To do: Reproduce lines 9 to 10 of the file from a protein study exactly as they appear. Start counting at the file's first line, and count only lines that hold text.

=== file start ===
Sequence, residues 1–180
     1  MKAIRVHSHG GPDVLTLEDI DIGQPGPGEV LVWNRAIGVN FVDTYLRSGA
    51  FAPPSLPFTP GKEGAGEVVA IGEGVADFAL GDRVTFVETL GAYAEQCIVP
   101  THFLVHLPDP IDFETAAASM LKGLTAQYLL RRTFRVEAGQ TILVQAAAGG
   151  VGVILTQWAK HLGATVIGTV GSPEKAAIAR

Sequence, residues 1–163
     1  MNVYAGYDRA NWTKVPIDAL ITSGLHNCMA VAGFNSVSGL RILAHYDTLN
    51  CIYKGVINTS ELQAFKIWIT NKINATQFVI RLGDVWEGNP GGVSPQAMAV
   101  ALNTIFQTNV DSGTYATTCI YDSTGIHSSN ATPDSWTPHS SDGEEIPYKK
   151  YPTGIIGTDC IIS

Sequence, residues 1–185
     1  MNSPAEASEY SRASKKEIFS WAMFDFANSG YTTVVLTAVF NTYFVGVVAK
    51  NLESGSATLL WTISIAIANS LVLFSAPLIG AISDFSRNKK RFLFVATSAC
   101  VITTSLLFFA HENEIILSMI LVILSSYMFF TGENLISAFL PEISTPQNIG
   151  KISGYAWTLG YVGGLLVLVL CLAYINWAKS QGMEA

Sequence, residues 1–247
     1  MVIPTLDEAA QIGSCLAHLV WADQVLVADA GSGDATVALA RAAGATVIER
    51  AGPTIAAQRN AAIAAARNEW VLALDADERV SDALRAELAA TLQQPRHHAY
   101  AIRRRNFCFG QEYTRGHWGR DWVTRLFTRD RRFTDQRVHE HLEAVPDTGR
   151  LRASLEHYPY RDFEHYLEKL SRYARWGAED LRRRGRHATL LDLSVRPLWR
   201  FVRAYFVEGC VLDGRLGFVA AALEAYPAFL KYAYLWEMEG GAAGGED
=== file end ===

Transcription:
   101  ALNTIFQTNV DSGTYATTCI YDSTGIHSSN ATPDSWTPHS SDGEEIPYKK
   151  YPTGIIGTDC IIS